Discrimination and Harassment

Discrimination and harassment claims often increase in a down economy. Learn the proper techniques for conducing proper workplace harassment investigations, providing sexual harassment training, and more to reduce claims of employment discrimination and preventing sexual harassment in the workplace.

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Only disabled individuals have the right to sue their employers for disability discrimination. A spouse or other family member, even if harmed by an employer’s discrimination, can’t bring his or her own claim.
The key to a successful, challenge-proof reduction in force is using objective, measurable factors to determine who stays and who goes. That greatly reduces the likelihood that a former employee who loses his job to a RIF will win a discrimination case.

Q. As a small college, we employ quite a few adjunct in­structors, especially for night classes. They work on a term-to-term contract for specific courses. One instructor got a very poor review and we’d like to ease him out. He’s making noises about age discrimination. If we don’t renew his contract but instead use a younger, fresh-out-of-grad-school instructor, could he have a case?

Move cautiously when dealing with an employee who complains about harassment and discrimination—especially if the complaint involves a supervisor who now wants to terminate him. Unless you have a pre-existing paper trail showing poor performance before the complaint, going back to create one is dangerous.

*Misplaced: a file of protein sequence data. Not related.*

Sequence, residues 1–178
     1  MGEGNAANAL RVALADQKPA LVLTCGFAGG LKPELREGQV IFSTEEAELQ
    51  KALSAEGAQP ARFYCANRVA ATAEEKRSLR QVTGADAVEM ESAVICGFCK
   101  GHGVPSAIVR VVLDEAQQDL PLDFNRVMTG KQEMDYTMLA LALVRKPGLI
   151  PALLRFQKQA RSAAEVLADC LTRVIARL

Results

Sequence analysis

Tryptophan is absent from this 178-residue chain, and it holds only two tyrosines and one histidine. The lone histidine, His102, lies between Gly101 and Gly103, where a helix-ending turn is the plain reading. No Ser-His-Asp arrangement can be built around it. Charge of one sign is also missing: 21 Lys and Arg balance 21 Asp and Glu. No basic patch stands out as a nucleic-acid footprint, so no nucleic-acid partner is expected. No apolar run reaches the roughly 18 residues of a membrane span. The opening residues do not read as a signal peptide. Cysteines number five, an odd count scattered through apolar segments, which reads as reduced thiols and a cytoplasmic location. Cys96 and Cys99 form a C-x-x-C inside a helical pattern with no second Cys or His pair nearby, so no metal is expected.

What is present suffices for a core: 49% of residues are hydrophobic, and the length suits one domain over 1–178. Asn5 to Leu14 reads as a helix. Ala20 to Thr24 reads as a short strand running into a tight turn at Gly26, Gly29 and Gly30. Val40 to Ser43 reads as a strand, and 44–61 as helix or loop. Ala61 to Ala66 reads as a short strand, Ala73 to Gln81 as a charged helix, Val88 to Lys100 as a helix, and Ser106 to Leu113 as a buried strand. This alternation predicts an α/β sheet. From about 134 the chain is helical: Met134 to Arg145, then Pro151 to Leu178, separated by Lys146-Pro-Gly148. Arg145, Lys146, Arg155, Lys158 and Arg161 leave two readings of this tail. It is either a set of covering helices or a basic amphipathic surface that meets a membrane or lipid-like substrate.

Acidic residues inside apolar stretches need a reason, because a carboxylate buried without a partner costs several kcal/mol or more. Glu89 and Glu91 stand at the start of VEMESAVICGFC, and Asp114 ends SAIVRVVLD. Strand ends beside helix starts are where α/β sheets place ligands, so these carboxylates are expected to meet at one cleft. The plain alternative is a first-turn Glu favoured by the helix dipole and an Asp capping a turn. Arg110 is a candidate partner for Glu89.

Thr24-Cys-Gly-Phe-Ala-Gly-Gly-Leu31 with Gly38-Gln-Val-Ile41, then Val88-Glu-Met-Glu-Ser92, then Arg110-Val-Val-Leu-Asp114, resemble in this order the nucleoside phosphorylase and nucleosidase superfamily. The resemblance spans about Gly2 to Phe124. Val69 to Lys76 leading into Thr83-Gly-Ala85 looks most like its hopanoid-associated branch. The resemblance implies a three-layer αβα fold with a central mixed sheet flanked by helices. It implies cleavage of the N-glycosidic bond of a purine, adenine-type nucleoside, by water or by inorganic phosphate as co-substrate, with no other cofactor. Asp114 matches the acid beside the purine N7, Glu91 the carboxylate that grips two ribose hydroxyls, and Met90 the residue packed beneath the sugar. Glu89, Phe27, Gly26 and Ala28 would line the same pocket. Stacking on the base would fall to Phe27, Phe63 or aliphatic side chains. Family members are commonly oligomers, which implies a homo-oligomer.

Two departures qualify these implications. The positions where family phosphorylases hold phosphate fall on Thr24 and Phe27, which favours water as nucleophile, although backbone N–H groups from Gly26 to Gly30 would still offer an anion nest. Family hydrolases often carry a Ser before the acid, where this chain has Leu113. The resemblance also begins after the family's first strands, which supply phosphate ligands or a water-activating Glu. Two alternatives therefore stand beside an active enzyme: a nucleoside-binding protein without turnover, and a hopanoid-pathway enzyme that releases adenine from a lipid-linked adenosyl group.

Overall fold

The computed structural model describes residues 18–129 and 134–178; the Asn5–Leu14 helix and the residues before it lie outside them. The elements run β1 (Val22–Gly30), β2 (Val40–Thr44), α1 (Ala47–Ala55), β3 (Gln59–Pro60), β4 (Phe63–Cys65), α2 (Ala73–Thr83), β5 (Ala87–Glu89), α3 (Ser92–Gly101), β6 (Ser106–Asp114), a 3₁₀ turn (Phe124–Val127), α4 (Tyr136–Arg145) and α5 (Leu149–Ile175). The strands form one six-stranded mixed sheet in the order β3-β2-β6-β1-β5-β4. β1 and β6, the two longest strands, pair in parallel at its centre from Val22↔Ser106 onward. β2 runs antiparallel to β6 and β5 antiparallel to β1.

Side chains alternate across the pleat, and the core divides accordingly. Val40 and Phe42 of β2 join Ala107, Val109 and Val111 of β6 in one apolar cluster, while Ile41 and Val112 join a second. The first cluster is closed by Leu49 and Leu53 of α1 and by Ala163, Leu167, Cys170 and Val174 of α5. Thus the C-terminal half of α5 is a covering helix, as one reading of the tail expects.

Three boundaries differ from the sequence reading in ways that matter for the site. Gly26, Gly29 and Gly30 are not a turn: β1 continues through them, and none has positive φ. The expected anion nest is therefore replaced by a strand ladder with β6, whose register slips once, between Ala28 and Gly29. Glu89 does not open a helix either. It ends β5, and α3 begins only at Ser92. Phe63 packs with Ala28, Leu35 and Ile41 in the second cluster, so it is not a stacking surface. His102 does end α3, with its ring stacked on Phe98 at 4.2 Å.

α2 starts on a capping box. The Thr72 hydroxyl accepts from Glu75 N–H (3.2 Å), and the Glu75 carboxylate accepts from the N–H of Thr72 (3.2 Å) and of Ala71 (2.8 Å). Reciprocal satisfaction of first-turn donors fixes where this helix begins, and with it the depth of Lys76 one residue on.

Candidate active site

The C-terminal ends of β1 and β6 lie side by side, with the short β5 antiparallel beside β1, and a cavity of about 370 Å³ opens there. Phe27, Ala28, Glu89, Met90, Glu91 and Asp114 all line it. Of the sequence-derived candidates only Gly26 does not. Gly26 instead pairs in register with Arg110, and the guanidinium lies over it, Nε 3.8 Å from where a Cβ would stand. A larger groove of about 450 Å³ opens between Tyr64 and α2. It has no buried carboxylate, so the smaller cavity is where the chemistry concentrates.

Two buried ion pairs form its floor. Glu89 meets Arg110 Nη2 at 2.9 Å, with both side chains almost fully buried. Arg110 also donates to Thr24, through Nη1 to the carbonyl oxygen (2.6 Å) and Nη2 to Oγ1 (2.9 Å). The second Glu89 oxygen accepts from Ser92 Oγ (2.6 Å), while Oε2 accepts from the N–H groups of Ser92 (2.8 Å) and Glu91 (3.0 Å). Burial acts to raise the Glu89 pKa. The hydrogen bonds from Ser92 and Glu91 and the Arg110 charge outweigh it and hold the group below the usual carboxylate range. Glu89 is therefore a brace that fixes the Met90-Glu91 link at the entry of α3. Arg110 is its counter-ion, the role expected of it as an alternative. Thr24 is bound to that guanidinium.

PROBLEM: A Muslim employee needs an accommodation that will allow him to pray several times during the workday. You determine that allowing him to do so won’t affect the department’s productivity. Not so fast. The rest of the staff starts to complain that it’s not fair that one employee gets extra breaks in the day ...
Dallas-based DHL Global Forwarding has agreed to pay $201,000 to settle charges that it failed to stop super­visors from harassing Hispanic em­­ployees.
The EEOC has begun an effort to protect LGBT workers’ rights by broadly interpreting Title VII of the Civil Rights Act of 1964. The EEOC’s newly released Strategic Enforcement Plan for 2013-2016 lists “coverage of lesbian, gay, bisexual and transgender individuals under Title VII” as one of its top six national en­­forcement priorities.
Good news for employers worried that a single inflammatory utterance could land them in big legal trouble: Courts generally won’t hold an employer responsible.

When a new supervisor arrives and makes changes, criticizes work performance and otherwise challenges old ways of doing things, thin-skinned employees may complain about working in a hostile environment. But just complaining about workplace unpleasantness doesn’t make a winning lawsuit.

Do you hand out periodic bonuses to employees? If so, be sure you can clearly describe how you calculate bonuses and what em­­ployees need to do to receive one. If you must later terminate an employee—and claim poor performance was the reason—she may point to the bonus as proof you fired her for discriminatory reasons.
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